Cardless Cash Access replaces bank cards with smartphones

City National Bank in the US is about to offer a new way to withdraw cash from ATMs: using a smartphone app instead of a bank card.

City National Bank in the US is about to offer a new way to withdraw cash from ATMs: using a smartphone app instead of a bank card.

(Screenshot by Michelle Starr/CNET Australia)

In a bid to reduce card skimming and fraud, global banking technology company FIS is partnering with the US' City National Bank to launch something it's calling Cardless Cash Access: an app that allows you to withdraw cash from an ATM using your smartphone instead of a banking card.

Here's how it works: customers have to register their phone and then access the app using a PIN, which allows them to select how much they want to withdraw and find a nearby ATM to withdraw from, up to 24 hours before they intend to collect. When they arrive at the ATM, they select the "Mobile Cash Access" option and scan the one-time QR code that appears on the screen. This immediately dispenses the cash, and a withdrawal notification is sent to their phone.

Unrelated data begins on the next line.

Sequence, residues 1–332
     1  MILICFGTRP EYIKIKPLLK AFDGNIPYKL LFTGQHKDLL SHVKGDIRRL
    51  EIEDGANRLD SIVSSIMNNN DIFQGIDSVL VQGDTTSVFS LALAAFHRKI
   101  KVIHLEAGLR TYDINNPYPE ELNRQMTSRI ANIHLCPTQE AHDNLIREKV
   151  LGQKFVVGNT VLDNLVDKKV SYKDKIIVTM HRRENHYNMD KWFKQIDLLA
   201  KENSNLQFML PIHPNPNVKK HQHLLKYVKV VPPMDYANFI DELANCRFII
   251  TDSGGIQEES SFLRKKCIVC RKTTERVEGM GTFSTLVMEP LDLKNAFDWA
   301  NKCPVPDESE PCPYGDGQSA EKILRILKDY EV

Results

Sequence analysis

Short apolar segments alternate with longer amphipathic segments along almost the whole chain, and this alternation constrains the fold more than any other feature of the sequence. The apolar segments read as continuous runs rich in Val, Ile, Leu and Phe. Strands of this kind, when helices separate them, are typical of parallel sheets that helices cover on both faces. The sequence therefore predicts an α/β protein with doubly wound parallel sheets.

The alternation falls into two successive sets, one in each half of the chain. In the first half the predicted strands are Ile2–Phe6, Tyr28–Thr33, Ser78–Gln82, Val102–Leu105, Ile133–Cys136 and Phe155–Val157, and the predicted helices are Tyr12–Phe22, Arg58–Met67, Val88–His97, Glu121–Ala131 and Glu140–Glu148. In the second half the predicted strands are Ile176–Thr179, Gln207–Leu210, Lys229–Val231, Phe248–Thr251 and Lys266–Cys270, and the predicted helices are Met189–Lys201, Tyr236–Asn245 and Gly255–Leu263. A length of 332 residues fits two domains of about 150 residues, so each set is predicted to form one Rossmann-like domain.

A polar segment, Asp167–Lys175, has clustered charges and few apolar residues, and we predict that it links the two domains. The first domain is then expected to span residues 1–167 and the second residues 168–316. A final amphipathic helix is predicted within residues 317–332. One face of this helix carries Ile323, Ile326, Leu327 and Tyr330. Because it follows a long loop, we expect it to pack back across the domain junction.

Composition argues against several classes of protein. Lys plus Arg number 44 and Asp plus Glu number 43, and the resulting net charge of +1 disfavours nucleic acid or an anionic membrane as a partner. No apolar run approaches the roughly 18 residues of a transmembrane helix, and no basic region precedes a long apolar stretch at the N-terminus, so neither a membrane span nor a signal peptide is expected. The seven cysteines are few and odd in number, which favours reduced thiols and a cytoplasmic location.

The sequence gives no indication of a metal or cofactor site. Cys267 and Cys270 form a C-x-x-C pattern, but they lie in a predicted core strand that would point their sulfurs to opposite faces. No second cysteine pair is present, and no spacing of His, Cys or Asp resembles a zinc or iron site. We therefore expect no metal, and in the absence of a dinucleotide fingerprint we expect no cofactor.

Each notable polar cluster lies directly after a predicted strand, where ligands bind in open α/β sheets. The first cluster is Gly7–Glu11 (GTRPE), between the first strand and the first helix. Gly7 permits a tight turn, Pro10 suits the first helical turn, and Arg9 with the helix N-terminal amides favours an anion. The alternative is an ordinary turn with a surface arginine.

But what if the customer, as happens fairly often, loses or has their phone stolen? According to FIS, this wouldn't be a problem; the app can't be accessed without the user's PIN, and all account information is stored in a secure cloud server, making it no less secure than a banking app.

"Consumers continue to look for innovative new ways to engage with their financial institutions via mobile devices. At the same time, they demand additional security to keep their information safe," said FIS senior vice president Doug Brown. "Information from Cardless Cash Access is maintained in the cloud, so card data cannot be accessed if the consumer's phone is lost or stolen — making this a faster, safer, more secure way to make a withdrawal."

The system has already undergone a successful 37-person trial with Wintrust Financial Corporation in Chicago, beginning in May 2013. It's now set to roll out across Los Angeles, New York City and San Francisco.

 

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